If you’re trading the four hour and daily time frames, you only need to check in on your charts every four hours, at most. We only get 6, 4 hour candles each day, so to check in on your charts more often than every 4 hours doesn’t make much sense.

So every four hours when you go to check in on your charts, you set your timer for ten minutes. Once the timer is up, you have to walk away from your charts. Simple as that.

This will keep you from spending too much time looking for new setups and will also keep you from obsessing over any open positions, both of which can lead to emotional decision-making which will ultimately cost you money.


Final Words


How you spend your time is critical if you want to become a successful Forex trader. It isn’t enough to work hard. In fact when it comes to trading, the harder you push, the harder the market pushes back. And guess what, the market wins every time if you turn it into a grudge match. You can’t force your way to consistent profits.

You have to work smart as a Forex trader. Part of working smart means knowing how to manage your time in front of your charts. Because mismanaged screen time can lead to emotional decision-making rather than logical decision-making.

So start working on a daily trading plan today. Work out when you will check your charts throughout the day, and then use a timer to make sure you keep your screen time limited.

Trust me when I tell you, it works!


Your Turn


Do you spend too much time in front of your charts? If so, I hope this lesson has given you some “food for thought” to help manage your time more effectively.

Please leave your comments or questions below. I look forward to hearing from you.

Leave a Comment:

12 comments
Kiwi says

I like that timer idea. Not that I’ll probably use one, but just to put a conscious limit on time is a good idea. The time required would depend on how many pairs you’re watching, and how many are on the current short-list.

Reply
    Justin Bennett says

    Hi Kiwi,

    Glad you like the idea. True enough, the time will vary some, but it shouldn’t take more than 10 minutes regardless of how many instruments you’re tracking. That is of course assuming that the key levels have already been drawn on each chart, which is how it should be done.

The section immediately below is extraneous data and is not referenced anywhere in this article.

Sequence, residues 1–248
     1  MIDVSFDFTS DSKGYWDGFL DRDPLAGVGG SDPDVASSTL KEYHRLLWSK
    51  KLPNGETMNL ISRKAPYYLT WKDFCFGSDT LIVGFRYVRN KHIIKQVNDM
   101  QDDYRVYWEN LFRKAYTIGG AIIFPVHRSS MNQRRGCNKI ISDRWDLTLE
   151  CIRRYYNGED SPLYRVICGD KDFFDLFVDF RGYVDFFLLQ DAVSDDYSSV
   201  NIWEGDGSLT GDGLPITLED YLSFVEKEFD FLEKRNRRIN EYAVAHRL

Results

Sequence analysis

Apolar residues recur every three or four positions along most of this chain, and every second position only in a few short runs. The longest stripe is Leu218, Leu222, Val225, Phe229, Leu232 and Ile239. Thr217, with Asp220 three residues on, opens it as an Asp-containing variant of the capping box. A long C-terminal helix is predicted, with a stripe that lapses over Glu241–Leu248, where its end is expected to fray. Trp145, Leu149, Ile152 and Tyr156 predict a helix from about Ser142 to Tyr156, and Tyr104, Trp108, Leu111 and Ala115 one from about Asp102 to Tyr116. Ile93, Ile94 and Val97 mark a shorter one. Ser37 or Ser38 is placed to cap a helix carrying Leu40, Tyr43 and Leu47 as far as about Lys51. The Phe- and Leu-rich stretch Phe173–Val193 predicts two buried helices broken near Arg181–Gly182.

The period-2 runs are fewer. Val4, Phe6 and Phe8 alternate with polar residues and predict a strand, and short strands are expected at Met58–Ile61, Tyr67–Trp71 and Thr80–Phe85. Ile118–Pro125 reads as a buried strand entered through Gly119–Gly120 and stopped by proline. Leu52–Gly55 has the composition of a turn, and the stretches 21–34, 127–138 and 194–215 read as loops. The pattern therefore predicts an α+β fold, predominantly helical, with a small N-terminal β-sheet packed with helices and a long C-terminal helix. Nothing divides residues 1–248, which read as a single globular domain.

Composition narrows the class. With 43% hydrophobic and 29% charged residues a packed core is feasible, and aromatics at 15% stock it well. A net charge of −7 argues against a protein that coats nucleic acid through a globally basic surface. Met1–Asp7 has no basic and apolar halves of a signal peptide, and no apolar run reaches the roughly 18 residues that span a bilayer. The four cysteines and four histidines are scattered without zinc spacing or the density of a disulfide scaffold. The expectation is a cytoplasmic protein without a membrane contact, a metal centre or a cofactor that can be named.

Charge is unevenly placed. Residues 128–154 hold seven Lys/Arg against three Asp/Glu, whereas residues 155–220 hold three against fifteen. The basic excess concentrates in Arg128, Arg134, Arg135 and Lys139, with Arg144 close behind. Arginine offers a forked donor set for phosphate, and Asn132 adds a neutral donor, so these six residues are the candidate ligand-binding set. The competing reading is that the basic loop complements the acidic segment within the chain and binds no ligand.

Regards,

    Justin

    Reply
Poli says

All above is true when you have an account greater than 10000 $
because you can trade in TF’s above one hour.
For all those with mini accounts, we have to continue starring at charts for hours
exactly like you did at beginning of your career.

Reply
    Justin Bennett says

    Hi Poli,

    Thanks for your comment. However I have to respectfully disagree. You don’t need a $10,000 account to trade the higher time frames. You don’t even need a $1,000 account.

    As for starring at charts for hours like I did – you’re right. I used to stare at my charts for hours, and it got me nowhere fast. It wasn’t until I stopped obsessing over open positions that my profit curve started to trend up.

    I’m not suggesting that you don’t need to study the markets. The idea behind this article is that there is a distinct difference between studying the markets and obsessing over open positions. The latter is unhealthy and will only get you into trouble.

    Cheers,

    Justin

    Reply
      Poli says

      So with 1000$ account size and risking 2% / trade (20 $) you wait on 4 hours chart a whole week for a 40 $ trade assuming that it will be a 1:2 R/RW and a winner. Nice . 🙂
      For a living you need at least 50000 $ account size if you trade in larger TF’s because there are few setups / month and not all are winners.

      Reply
        Justin Bennett says

        Hi Poli,

        I would say making $40 a week on a $1,000 account is nice indeed. I don’t know a single trader who would turn his/her nose up at making a 4% gain in a week.

        Of course an account that small isn’t going to get you away from the rat race, but then that’s not what we were talking about. A $1,000 account will never do that, regardless of the time frame you’re trading.

        Cheers,

        Justin

        Reply
          Poli says

          4% /week . I’m tweaking my system for this revenue / day.
          For example on GBPJPY right now when I write this there are to be made still 35 pips till

          183.55 from 183.20.

          Reply
          Poli says

          Now at 183.40 according to your suggestions I don’t need to stare at charts only after 4 hour. But I’m managing my trade scaling out at 183.40 and booking my partial profit. The rest can go now to final target because I don’t care. I’ve made my 1% of account profit.

          Reply
[email protected]!l says

I agree with your Points….. 10-15 minutes are enough to analyse the charts. But if we are taking hours together….then that means we are overanalysing Price Action and making false decisions for more profit booking….. which result in loss..

Reply
    Justin Bennett says

    You got it. 🙂

    Reply
    God says

    [email protected]!l eat your zootles

    Reply
chinaman says

sup playa?

Reply